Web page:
Starmer tells new councillors Labour has ‘mandate to deal with cost of living’

·4-min read
Starmer tells new councillors Labour has ‘mandate to deal with cost of living’

Sir Keir Starmer has told newly-elected Labour councillors they have been given a “mandate to deal with the cost of living” and delivery of this on a local level will act as a “blueprint” for their party in power.

The Labour leader told a gathering of 22 council leaders at the Opposition’s headquarters in central London that the local election results reflect a British public “crying out for change” in politics.

He was joined by deputy leader Angela Rayner, shadow chancellor Rachel Reeves and shadow housing, communities and local government secretary Lisa Nandy.

Addressing the 10 councillors who were present, along with 12 more who joined virtually, Sir Keir celebrated signs that voters are returning to Labour after leaving over Brexit and Jeremy Corbyn.

He said: “Now we’ve got this far – it’s a big big step in the right direction – now it’s a duty to deliver.

“You’ve been elected in with a mandate to deal with the cost of living, our duty now is to deliver on that.

“That’s why I wanted to call together everybody today, so we could have a shared focus on that duty to deliver.”

Sir Keir also urged the councillors to make a “cost of living plan” for their area, adding: “Let’s create a blueprint for Labour in power.

“People are crying out for change and we can now start delivering that change.”

Ms Rayner also congratulated the councillors, before criticising the Conservatives for “taking the heart out of local government” and overseeing a “managed decline” of some regions.

Local elections 2023
Plymouth City Council leader Tudor Evans takes a selfie with Lisa Nandy, Angela Rayner and Sir Keir Starmer at the meeting (Stefan Rousseau/PA)

She said: “One of the things that people say up and down the country at the moment is not only this cost-of-living crisis, but wanting pride in their area.

“They feel like (this) because of 13 years of the Conservatives taking the heart out of local government, they’ve stolen opportunities away from local areas to have that pride in their areas, they feel like (there has been a) managed decline.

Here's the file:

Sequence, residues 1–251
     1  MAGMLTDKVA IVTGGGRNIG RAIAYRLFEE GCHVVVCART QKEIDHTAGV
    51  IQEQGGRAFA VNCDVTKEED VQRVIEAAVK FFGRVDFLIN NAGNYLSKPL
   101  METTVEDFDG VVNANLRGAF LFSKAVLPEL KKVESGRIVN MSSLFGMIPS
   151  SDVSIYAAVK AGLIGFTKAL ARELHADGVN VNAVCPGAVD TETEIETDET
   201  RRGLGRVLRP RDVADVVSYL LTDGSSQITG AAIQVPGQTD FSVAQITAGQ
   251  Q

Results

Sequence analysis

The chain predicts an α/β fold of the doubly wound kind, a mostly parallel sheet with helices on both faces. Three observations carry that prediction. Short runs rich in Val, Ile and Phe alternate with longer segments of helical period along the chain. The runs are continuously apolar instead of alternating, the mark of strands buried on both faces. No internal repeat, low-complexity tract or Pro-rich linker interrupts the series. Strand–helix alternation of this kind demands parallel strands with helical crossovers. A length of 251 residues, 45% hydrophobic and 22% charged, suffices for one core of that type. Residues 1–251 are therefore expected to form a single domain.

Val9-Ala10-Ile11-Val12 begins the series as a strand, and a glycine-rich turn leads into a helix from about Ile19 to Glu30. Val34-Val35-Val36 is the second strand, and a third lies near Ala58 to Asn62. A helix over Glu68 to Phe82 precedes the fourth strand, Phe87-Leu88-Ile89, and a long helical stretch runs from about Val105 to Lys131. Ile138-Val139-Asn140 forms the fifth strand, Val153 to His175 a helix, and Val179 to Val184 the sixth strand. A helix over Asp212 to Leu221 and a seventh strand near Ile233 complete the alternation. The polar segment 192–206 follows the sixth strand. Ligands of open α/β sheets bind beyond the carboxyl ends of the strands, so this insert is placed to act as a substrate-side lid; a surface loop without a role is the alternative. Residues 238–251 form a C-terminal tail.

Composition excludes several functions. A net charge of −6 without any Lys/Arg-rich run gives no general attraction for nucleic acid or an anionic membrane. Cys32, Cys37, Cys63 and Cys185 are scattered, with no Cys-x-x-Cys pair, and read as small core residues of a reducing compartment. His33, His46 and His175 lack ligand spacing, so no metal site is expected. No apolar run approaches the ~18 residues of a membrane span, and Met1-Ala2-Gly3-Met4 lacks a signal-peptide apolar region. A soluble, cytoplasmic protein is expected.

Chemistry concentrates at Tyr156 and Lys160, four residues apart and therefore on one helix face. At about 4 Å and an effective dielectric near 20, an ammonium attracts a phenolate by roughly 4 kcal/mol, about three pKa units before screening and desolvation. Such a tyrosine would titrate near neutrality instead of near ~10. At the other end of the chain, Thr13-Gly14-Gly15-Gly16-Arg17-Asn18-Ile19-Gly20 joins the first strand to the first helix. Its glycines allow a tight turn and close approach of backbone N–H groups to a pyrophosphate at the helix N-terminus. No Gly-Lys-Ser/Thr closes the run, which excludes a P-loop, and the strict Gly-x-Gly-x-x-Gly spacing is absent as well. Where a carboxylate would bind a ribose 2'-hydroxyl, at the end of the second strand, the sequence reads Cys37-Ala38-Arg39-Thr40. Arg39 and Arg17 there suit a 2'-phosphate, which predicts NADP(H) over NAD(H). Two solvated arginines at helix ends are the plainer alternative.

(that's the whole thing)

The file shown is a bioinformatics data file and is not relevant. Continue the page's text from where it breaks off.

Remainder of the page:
“So that optimism that you’re bringing to local areas… that sense of local pride and bringing that back in is just – you can see the energy.”

Sir Keir will also speak with his shadow cabinet later on Tuesday.

He is expected to warn them the “hardest part lies ahead” as the party must create a “big reforming government” rather than relying on the Conservatives’ unpopularity.

Sir Keir will acknowledge there is “a lot of scepticism” about politics, and tell his colleagues they must show they have plans that offer “not just reassurance, but the hope the country needs”.

He will also outline his belief that the Prime Minister has made a strategic error by thinking that voters are more concerned with “woke” issues than the cost of living and the NHS.

England local elections 2023
(PA Graphics)

Labour gained 635 councillors across England in last week’s polls as the Conservatives lost 960 seats under Rishi Sunak’s leadership.

The Opposition was particularly buoyed by winning control of councils in the Brexit-backing areas of Dover, Blackpool, Medway, Erewash, and Stoke.

But pollsters suggested Labour may fall short of winning an overall majority in the Commons without progress ahead of the general election, expected next year.

Mr Sunak has promised to work “night and day” to deliver on the priorities he has set for the nation as he comes under pressure over the election results.

Former levelling up secretary Simon Clarke said the Prime Minister’s “major mistake” of dropping housebuilding had played a role in the poor performance.

(PA Graphics)
(PA Graphics)

In the coming weeks, Labour will unveil missions on education reform, clean power and making the NHS fit for the future as it seeks to bolster support.

Sir Keir is also considering putting higher taxes on foreign buyers of UK homes as the party seeks to pressure the Government on the housing crisis.

The Opposition was understood to be adapting policy to increase the 2% surcharge on stamp duty for overseas buyers and banning them purchasing more than 50% of homes in a development.

They could also introduce a rule allowing first-time buyers first access to new developments.